The focal point of Twierdza Srebrnogórska is the donjon, or keep...which is what we see at the top of this page. Historically, a keep was a castle's central tower, which served as both a defensive entity and residence for the castle's noble inhabitants: It was the fortification's nerve center. In essence, the individual bits and parts of our twierdza were different aspects of a fort but, being separated as they are, each is considered a fort in its own right.

Fort Donjon in the center was the brain of the operation; Fort Wysoka Skała was a hornwork that jutted up from the donjon to the northeast; Fort Rogowy, a similar hornwork that jutted to the west. Fort Chochoł Mały was a casemated fortlet further to the northwest.
A map of the entire complex, in German, which was Twierdza Srebrnagórska's native tongue. Thanks,!

More batteries and a redoubt were built on a hilltop a little further to the northwest, and finally, Fort Ostróg looked over the whole shebang from the southeast. Any 18th century Prussians reading this will note that these are Polish names, and not the names that these forts would have been baptised with, but we're going with the Polish, because I like the word "twierdza" better than "festung," so get over it.

Twierdza Srebrnogórska's two most visible outposts today: Fort Wysoka and Fort Ostróg.
Squinting harder at the map above, one will note a dotted-line entity labeled Klosenberg, extending eastward from Fort Wysoka Skała...a proposed battery, tunneled listening post, stairway to heaven or general hideyhole? This entire complex was interconnected with a warren of tunnels and underground casemates, so anything is possible, except for manned flight, which wouldn't come along for another 130 years. Well, and nuclear fission. And a reliable cellular network. And now that I think about it, I guess a lot of things weren't possible yet, so please ignore that statement.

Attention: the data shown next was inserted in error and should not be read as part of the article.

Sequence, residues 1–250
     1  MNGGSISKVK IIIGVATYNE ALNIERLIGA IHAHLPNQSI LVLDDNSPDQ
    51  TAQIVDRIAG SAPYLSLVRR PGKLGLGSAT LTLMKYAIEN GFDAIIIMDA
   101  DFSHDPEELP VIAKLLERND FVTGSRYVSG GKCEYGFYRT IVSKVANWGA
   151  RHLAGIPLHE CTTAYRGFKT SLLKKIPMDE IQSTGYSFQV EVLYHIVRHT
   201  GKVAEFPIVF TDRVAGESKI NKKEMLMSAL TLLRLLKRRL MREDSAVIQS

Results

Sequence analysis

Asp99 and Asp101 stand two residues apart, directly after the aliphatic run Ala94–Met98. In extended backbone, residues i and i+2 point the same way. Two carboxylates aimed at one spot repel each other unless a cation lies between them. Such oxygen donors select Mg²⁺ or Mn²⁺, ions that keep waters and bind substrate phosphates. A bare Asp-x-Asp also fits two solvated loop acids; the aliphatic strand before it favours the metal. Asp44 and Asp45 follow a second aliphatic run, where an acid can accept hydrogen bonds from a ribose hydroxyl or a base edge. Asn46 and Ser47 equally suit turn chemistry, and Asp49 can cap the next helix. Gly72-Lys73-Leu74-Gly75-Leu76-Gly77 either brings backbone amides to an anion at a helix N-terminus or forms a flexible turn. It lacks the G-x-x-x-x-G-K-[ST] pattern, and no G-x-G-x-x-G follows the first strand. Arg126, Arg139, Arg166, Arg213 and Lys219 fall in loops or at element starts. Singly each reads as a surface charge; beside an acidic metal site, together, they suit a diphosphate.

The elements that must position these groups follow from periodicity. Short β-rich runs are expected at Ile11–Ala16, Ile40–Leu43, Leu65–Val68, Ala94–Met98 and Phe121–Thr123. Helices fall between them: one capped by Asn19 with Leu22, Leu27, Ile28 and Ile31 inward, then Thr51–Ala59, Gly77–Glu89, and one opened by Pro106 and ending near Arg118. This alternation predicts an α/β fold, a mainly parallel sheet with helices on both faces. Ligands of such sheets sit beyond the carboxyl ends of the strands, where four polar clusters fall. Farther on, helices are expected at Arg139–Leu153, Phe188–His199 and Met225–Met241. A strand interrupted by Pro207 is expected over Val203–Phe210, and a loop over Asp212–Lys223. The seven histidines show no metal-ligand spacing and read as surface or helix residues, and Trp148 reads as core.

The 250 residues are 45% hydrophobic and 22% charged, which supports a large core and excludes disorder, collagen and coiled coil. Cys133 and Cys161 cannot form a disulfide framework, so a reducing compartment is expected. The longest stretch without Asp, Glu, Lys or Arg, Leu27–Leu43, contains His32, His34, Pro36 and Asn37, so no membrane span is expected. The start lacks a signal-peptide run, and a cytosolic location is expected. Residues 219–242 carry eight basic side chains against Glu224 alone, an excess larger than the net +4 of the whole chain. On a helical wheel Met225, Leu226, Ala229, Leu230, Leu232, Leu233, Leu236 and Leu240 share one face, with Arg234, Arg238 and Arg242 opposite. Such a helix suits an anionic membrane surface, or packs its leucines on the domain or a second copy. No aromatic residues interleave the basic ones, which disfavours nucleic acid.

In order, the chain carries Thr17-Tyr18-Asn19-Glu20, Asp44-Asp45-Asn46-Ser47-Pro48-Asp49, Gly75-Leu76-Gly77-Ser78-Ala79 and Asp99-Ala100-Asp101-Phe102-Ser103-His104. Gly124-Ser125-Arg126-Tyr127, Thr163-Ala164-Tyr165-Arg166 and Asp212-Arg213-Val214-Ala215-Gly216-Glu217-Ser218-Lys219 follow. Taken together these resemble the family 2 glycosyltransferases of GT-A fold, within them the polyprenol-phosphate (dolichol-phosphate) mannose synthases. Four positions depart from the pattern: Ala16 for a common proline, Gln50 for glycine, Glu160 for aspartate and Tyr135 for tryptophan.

Our twierdza had a total of 299 casemates and 54 "shooting rooms" (...casemates?) throughout, with 151 of those casemates somehow crammed into Fort Donjon's three stories, which mounted 264 cannons and mortars. The donjon was set up with a chapel, hospital, brewery, various workshops and wells, in addition to the expected powder magazines and armory: Infrastructure that was intended to allow its garrison to withstand a three-month siege. As many as 35,000 soldiers would have manned all of Twierdza Srebrnogórska's defenses in time of war, with around 3,700 in the donjon.